BACTERIA

Hello and welcome to bacteria learning. Goals for bacteria include understanding the differences between gram-positive and gram-negative bacteria.

You will appreciate how microbes take up substances from their environment and you will be familiar with components of cells.

You are having an overview of the metabolic capabilities of bacterial cells and perhaps most importantly you will have a newfound appreciation for all that bacteria can do.

Let’s start with a little review of what we know about bacteria. Here’s an electron micrograph of a common bacterium from here in Test. E Coli is a rod-shaped cell magnified about 100000 times.

Bacteria

Bacteria in contrast to the cells that make up eukaryotic cells bacteria have no nuclei and no membrane-bound organelles like mitochondria or chloroplasts.

 

They form spheres rod and spirals, so they look different under the microscope.

Remember they are found everywhere on Earth not just in you and on you but on every animal that exists in the oceans, the soils and even the skies. And remember the number of bacteria and earth is an impressive number 5 x 10 to the 30th number of every living thing on the planet.

Let’s take a look in more detail now at the structure of bacteria in the inside of every bacteria. There is a cytosol which is a fluid phase medium that contains a lot of the activity of the bacteria, the nucleic acid and the DNA of a bacteria is present in a structure called the nucleoid.

The cytoplasm of bacteria also contains ribosomes, these are the places where protein synthesis occurs and many bacteria have plasmids small pieces of DNA that often circular that is apart from the main chromosome of the bacteria surrounding this side cytosol is what we call a cell membrane and top of the cell membrane is typically a cell wall another structure and many bacteria. Have on the very outside what we call a capsule. And a very external part of the bacteria or some structures that help movement at one is called the fimbriae or pillow in the other is the flagellum. So that’s an overview of the bacterial cell in the various components.

Let’s take a look at some of these in detail.

First, let’s look at the cell membrane. This is a membrane that looks very much like the membrane that you may have and our cells are eukaryotic cell membranes. It’s made up of phospholipids phospholipid bilayer that has many proteins embedded in it and it functions by allowing the uptake of substrate molecules that the bacteria need by transporting proteins now. This is a very fragile membrane because bacteria are typically exposed to either cellular fluids or to the environment the cell membrane has  to have more protection account just exist on its own and so has to be stabilized against detergent osmotic pressure and so forth are there two solutions that we recognize to this problem of protecting the cell membrane of bacteria and include gram-positive and gram-negative is there two ways of constructing The bacteria that are named after a Dutch microbiologist his name was Graham and he devised the stain to distinguish these two kinds of bacteria.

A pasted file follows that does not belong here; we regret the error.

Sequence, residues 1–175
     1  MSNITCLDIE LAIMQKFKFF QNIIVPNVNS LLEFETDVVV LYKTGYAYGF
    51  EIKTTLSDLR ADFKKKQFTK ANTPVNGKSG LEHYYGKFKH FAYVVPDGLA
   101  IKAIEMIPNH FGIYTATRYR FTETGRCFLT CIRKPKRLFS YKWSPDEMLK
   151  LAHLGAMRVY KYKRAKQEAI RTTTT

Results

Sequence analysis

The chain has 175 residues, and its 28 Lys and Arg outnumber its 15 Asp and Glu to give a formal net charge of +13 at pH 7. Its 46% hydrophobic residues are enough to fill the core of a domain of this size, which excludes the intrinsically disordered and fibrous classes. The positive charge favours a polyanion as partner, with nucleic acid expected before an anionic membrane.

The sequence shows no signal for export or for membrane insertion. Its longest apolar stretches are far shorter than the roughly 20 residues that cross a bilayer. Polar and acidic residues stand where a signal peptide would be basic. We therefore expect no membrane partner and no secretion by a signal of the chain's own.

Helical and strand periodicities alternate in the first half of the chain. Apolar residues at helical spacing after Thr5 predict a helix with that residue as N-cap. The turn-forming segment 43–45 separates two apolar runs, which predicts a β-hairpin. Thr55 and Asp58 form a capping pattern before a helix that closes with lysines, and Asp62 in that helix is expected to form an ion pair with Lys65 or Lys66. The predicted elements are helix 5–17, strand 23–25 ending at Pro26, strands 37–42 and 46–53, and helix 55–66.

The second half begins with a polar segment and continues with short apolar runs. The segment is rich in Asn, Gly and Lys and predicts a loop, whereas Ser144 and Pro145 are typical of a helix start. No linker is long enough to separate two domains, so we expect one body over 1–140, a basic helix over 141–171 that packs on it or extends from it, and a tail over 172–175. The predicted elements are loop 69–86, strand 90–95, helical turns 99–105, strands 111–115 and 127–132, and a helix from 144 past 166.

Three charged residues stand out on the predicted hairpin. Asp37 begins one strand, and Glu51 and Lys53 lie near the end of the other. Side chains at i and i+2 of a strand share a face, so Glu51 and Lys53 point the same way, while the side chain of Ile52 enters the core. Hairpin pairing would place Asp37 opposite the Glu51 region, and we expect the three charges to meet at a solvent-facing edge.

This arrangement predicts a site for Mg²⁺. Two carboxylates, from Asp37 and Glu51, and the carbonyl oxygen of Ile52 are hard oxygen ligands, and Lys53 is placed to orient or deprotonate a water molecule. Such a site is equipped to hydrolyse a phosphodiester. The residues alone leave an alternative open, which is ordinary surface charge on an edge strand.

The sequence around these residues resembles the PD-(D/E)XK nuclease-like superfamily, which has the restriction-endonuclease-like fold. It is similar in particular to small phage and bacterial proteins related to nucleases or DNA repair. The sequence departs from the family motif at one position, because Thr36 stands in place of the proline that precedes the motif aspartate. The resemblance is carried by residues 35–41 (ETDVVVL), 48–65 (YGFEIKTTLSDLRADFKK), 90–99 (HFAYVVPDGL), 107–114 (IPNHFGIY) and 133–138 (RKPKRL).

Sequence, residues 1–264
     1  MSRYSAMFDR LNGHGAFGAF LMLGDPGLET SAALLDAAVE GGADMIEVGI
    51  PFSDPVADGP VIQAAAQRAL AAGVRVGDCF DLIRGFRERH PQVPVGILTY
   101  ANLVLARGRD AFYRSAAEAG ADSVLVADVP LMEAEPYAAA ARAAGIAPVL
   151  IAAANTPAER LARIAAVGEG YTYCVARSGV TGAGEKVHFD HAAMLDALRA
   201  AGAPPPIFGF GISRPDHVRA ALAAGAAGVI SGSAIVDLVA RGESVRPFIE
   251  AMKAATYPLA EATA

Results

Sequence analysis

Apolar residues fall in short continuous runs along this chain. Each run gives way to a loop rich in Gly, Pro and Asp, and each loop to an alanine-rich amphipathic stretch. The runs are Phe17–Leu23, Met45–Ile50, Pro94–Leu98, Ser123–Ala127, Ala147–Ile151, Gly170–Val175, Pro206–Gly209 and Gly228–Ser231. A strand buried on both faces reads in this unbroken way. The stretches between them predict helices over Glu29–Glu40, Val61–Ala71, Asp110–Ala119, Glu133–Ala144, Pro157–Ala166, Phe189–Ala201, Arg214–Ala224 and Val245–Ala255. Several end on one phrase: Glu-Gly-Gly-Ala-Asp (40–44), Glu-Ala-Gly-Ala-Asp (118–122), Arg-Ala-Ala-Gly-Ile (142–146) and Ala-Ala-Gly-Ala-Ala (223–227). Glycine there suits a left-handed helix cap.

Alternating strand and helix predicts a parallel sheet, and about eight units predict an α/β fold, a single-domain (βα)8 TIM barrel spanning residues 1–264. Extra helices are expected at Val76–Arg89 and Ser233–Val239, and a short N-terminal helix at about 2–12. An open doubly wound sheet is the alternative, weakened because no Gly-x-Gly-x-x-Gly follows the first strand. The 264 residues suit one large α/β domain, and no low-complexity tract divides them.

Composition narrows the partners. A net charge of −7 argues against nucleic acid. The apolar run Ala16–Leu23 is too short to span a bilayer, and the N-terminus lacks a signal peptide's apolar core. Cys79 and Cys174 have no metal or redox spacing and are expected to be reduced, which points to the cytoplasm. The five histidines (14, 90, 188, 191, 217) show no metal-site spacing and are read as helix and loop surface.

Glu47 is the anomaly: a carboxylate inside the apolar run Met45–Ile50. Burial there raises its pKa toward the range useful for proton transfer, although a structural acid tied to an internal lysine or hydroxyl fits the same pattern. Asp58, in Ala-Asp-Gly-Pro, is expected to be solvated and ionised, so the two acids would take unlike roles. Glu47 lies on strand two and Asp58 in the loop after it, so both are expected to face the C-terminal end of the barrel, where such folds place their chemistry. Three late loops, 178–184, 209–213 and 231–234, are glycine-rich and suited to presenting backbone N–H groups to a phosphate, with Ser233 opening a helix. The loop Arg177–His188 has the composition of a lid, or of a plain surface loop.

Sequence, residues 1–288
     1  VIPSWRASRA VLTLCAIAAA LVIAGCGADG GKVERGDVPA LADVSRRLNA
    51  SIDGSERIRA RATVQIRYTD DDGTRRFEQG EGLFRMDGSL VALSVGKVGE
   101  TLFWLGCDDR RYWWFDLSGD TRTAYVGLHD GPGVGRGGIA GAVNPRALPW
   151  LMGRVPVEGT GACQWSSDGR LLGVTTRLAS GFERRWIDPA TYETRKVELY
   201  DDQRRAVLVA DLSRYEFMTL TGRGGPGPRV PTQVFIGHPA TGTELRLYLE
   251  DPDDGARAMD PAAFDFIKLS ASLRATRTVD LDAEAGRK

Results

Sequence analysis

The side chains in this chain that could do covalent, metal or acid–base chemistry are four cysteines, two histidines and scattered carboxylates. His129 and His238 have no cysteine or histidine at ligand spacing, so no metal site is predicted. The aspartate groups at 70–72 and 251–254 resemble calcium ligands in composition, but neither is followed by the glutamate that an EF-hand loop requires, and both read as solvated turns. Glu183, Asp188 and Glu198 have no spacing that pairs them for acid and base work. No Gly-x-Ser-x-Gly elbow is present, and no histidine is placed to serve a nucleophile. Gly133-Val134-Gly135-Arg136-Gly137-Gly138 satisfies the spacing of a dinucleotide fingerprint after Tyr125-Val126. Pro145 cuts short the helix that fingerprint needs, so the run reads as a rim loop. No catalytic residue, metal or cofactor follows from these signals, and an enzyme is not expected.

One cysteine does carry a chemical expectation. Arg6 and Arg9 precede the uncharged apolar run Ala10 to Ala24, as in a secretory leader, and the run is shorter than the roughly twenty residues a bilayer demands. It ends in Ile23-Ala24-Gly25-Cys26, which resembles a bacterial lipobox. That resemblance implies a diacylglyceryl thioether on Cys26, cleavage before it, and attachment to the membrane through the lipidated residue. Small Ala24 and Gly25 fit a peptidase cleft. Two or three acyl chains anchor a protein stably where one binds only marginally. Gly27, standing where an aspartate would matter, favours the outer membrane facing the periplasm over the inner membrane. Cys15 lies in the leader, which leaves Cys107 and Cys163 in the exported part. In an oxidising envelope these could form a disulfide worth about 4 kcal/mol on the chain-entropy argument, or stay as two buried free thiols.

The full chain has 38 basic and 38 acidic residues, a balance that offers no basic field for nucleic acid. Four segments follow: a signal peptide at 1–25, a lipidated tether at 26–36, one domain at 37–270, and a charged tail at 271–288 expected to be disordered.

so we have gram-positive bacteria.

We have the cell membrane on the very inside of the bacterium surrounding the side of the sore and then on top of that is a thick layer called the peptidoglycan and this protects the between the peptidoglycan and the cell membrane is a space and we call this the periplasmic space so that’s the gram-positive solution.

Gram-Negative

There is a gram negative solution where the cell membrane is covered with a thin layer of peptidoglycan and then there is a second membrane at the outside which is called the outer membrane and so now we have to periplasmic spaces as opposed to the one in the gram-positive bacteria. There are a few other solutions for protecting that cell membrane, but we are going into them in our discussion. Now the gram stain differentiates gram-positive and gram-negative bacteria according to color gram-positive bacteria stain purple in the round bacteria that you can see in this image.

Where is gram-negative bacteria stain red and you can see the rod-like bacteria in this image.

 

A few examples of different kinds of bacteria based on the gram stain in the morphology will help you put these into context. So gram-positive cocci include staphylococcus and streptococcus both causes of serious human infections.

Gram-negative include the Neisseria cocci, the cause agent of gonorrhea a sexually transmitted disease.

 

Gram-positive rods include the Clostridium and Corynebacterium bacteria that can cause many different diseases one of them is tetanus in the Corynebacterium can also cause diphtheria.

 

 

If only gram-negative rods include E coli a common inhabitant of our gut and salmonella both of these bacteria can cause gastrointestinal illness in humans.

 

 

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